• Be wary of the "Uncode selection at current nodes" option.  This is the most difficult to use, as it will uncode the data from which ever was the most recently used node aka the node you can see in the lower ribbon on the main page, but if you happened to click on a new node by accident or before you uncode the selection, you run the risk of uncoding at the wrong node.
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Node Organization:

 

It is important to carefully consider the label of each node. You want the name to be something recognizable to you and any partners you are working with, as well as a proper reflection of the sort of data you are tagging with it.


When you make a new node that is where you can make a nickname, but there is not much benefit to the nicknames unless you are having difficulty remembering the name of your node.


You can also color code if you wish, which may be more useful if you are working with another partner, or if you are the type of person who color codes their data. If you do not code a color your coding strips will fall back on an automatic color scheme.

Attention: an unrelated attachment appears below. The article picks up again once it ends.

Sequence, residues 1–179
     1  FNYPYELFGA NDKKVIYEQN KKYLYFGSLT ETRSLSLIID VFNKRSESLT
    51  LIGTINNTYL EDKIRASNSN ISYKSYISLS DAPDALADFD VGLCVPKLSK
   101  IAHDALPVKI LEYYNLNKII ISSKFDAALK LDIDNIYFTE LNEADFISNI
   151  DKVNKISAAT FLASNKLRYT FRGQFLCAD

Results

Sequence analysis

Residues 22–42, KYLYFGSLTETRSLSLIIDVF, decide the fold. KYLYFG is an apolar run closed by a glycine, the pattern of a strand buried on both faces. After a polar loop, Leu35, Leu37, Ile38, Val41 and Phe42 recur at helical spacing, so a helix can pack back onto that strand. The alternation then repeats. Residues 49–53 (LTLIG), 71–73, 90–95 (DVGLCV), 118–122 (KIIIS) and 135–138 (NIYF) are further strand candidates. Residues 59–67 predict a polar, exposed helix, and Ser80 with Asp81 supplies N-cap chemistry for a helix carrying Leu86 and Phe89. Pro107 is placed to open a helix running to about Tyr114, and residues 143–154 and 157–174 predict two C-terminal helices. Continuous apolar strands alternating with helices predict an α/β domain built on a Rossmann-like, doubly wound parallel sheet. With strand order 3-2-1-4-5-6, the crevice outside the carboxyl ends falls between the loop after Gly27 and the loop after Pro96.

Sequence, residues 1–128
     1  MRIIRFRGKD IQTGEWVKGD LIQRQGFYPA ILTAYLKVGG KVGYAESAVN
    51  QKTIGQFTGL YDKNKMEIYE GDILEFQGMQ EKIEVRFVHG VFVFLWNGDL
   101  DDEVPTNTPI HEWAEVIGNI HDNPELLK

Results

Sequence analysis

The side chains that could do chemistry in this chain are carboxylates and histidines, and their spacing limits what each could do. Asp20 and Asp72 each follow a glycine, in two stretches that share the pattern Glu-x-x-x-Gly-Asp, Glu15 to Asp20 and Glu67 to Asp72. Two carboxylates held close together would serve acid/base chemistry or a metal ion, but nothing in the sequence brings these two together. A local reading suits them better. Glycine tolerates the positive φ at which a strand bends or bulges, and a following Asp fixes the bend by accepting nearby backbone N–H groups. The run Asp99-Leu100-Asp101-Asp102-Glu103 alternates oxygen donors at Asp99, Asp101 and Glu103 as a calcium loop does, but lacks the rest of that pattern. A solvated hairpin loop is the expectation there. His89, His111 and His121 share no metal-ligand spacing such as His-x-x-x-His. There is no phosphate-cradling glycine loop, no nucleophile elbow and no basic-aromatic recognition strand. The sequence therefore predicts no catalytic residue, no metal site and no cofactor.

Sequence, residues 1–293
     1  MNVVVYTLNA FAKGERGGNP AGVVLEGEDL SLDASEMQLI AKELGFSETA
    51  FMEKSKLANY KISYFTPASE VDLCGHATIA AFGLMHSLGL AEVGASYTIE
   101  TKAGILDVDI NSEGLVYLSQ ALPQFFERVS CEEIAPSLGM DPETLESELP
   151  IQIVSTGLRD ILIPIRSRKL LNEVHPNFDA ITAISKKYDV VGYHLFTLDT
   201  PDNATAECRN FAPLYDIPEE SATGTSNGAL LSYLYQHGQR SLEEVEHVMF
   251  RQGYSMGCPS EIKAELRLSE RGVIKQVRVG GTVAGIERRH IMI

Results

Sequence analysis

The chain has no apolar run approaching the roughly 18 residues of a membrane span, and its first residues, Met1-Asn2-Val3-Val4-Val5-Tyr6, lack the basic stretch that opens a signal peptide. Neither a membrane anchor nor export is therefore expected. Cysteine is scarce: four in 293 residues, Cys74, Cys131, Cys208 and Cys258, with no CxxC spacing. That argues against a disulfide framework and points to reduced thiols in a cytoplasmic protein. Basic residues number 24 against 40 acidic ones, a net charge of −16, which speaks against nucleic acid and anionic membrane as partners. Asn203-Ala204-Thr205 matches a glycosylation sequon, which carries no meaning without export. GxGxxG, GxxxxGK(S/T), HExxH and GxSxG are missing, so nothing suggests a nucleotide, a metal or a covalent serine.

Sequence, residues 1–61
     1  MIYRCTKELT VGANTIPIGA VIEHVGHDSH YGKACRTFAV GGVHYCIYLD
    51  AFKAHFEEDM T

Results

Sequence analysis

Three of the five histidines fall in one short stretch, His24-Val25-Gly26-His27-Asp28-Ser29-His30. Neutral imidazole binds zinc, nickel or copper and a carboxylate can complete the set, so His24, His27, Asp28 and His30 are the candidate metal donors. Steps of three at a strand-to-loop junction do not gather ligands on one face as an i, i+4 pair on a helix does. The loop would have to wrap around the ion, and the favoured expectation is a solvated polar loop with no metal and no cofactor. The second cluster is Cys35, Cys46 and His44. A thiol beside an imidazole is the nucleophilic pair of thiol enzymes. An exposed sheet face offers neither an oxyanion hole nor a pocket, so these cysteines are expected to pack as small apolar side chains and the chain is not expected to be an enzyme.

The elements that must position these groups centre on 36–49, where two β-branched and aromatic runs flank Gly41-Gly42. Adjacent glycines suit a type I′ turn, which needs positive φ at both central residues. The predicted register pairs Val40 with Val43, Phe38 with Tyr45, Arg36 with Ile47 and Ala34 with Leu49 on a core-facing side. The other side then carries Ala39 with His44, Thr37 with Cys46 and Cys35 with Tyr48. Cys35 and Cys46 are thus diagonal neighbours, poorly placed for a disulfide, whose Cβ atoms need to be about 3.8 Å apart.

You can also add a description to certain nodes if you wish.

 

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Node Hierarchy:

 


You have the option of organizing your nodes into hierarchal relationships. For instance if you have a lot of nodes that are unique dates, you may want to create a parent node to organize the dates by year and by month.

It is important to consider what you choose to label the nodes, for instance labeling numerically (i.e. yyyy-mm-dd) will ensure that the dates are in proper order.

 

 

 

 

 

 

 

 

 

 

Create a Node Hierarchy:

  • In order to move individual nodes into parent nodes -> Highlight the node(s) you wish to move -> Right-click -> Select “cut” from the drop-down menu -> Right-click over the parent node -> Select “paste” from the drop-down menu.

 

 

 

 


Example of a Node Hierarchy:

Parent Node -> Attitude, Child Node-> Positive, Child Node-> Negative

 

 

 

 

Aggregate:

 

Aggregating allows you to suck all the child nodes into the parent node. Once you aggregate a parent node, it will pull up any new data you add to any of its existing child nodes or any new child nodes that you add.

  • To aggregate a parent node: Right-Click on the parent node -> Check the aggregate option.
  • You can change this option at any time. To unaggregate a parent node: Right click on the parent node -> Uncheck the aggregate option.

 

Coding Stripes:

 

Coding Stripes can be extremely useful to you NVivo project.  They can allow you to easily view what nodes have already been tagged on a source.